- The pace will be slower. Or the direction will be inconsistent. If this isn’t the case, your manager is eligible for a CEO themselves.
- You will be involved with the business as much as possible. A 9-to-5 job is not an excuse, you can effectively spend 40 hours a week and more on the business should you choose to.
Is it easy? No. The stakes are high and so is the risk. Finding the right manager is quite challenging. It could be more expensive as well.
But given the right setup and selection process, it can work.
Growing Your Team, Growing Your Business
A friend with a 40-people strong company once said: growing from one to two people is doubling the size of your company.
The beginning is always tough. You need to work on finding your place in the industry, generating some income, and planning for recurring revenue. Planning a few months ahead can lead you to grow your team further, and have other experts with you to help you create more products and refine the services you offer to your customers.
After getting a few people on board, you usually have to start looking for other areas that are not directly related to your work. For instance, if you’re a developer and have two to three developers in your team already, you may start hiring designers and marketing people, or salesmen for reaching out to better clients. If you are an Internet marketer, you can hire a designer for better infographics, a developer to help you with marketing products, and so forth.
While those new hires will help you move forward and get on the next level, you have to dedicate part of your revenue for their salaries – and they usually don’t convert directly (their work matters, but a month of their work is not directly equal to 160 billable hours from your customers on a given rate).
Building the right business plan, connecting with the right customers, generating recurring revenue streams, growing your team, dealing with your legal and financial constraints, improving your product or branding, increasing your exposure can be just a few of the problems for a small business.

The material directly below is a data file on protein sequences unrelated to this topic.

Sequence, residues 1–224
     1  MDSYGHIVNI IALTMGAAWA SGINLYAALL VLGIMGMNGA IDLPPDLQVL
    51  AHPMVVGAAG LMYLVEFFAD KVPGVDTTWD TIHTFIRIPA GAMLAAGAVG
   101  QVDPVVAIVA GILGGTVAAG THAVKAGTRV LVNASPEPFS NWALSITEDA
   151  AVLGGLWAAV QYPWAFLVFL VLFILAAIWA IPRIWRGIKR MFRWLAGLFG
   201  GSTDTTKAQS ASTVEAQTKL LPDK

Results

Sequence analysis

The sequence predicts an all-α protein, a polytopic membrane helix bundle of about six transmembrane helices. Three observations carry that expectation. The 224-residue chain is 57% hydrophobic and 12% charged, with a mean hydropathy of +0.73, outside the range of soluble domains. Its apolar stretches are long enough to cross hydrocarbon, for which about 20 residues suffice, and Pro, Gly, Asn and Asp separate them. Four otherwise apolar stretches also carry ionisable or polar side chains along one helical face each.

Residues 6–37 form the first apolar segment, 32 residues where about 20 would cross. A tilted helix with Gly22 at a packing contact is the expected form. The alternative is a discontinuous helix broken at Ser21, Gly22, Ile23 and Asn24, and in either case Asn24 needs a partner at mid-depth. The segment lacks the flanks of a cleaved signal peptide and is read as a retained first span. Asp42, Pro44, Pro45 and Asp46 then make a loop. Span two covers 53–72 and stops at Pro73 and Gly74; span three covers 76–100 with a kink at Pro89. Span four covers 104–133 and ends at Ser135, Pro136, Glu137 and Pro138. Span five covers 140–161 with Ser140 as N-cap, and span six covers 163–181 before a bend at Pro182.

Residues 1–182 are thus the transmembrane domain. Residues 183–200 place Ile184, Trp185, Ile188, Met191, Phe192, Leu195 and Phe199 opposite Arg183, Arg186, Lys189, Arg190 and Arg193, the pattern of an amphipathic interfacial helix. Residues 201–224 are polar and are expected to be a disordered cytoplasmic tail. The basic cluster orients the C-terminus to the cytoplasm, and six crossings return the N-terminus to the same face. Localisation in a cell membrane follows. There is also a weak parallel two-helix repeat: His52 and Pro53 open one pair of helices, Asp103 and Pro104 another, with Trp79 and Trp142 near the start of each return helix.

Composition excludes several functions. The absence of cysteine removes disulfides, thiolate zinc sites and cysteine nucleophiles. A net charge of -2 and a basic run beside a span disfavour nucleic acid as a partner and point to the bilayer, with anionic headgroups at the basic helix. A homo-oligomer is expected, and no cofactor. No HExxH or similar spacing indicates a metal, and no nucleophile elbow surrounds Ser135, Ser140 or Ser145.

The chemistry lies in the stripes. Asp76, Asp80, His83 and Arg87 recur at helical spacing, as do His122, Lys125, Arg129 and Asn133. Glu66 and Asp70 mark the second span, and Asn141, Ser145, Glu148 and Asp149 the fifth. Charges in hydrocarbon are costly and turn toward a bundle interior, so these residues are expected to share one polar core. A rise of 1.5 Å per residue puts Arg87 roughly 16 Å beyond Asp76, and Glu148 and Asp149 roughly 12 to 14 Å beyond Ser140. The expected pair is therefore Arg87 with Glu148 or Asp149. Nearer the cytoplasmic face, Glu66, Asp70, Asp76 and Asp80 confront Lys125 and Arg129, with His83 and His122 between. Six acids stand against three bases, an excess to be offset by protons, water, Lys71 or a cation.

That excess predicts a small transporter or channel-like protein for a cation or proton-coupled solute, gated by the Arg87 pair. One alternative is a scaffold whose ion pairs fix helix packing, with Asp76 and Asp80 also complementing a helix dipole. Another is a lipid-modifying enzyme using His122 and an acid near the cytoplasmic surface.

Make sure that you start with a mentor or a business advisor as early as possible, and don’t make too many wrong choices that would delay your growth or endanger your company’s future.
Entrepreneurship and Its Many Flavors
Entrepreneurship has many flavors and there are different personal profiles that may work in different scenarios. Great entrepreneurs are even able to turn unexpected traits into a successful weapon for building a successful business or several ventures in parallel.
Most entrepreneurs that I interact with are constantly jumping between different activities, talk to partners, clients and staff, innovate, read a lot, and develop their skills in different fields. Unlike full-time employees working on the same type of activities, entrepreneurship requires an in-depth understanding of the industries they profile in, marketing, sales, managing finances, product development, market economics, and development, and keep track on political changes, financial crises, growth opportunities, available opportunities to scale through hiring employees or implementing automated tools and whatnot.
It’s diverse. It’s exciting. It’s never-ending and it may seem insane on the outside. The stakes are high and strategic decisions are made on a daily basis – usually a ton of them.
You can be a millionaire one day and back to square one the next day. There’s a lot of crash and burn, and failure is inevitable. But smart entrepreneurs learn from their mistakes and always deviate and look for hidden opportunities that would keep the business afloat and allow for being around for another day or a week.
Safety and comfort aren’t on the table for a long period of time. Clients may be paying now and investors may be on the same page but the rapidly growing market always poses risks of replacement from people who spend longer hours, talk to more partners and persuade more clients.
Entrepreneurship is a 24/7 job and that’s how it goes for most folks out there. Some stability may be ensured after passing some milestones, but the more you scale, the more your expenses grow as well, and the easier it is to overlook things and focus on the wrong opportunities.
Luckily, there are ways around it – building the right team, working with reliable assistants, and providing outstanding services would cut you some slack and let you spend some time on sleep, family, or simply reminiscing and brainstorming. But adapting to evolving markets will always require drastic changes and innovation. And as an entrepreneur, it’s your job to be the go-to choice for your target market.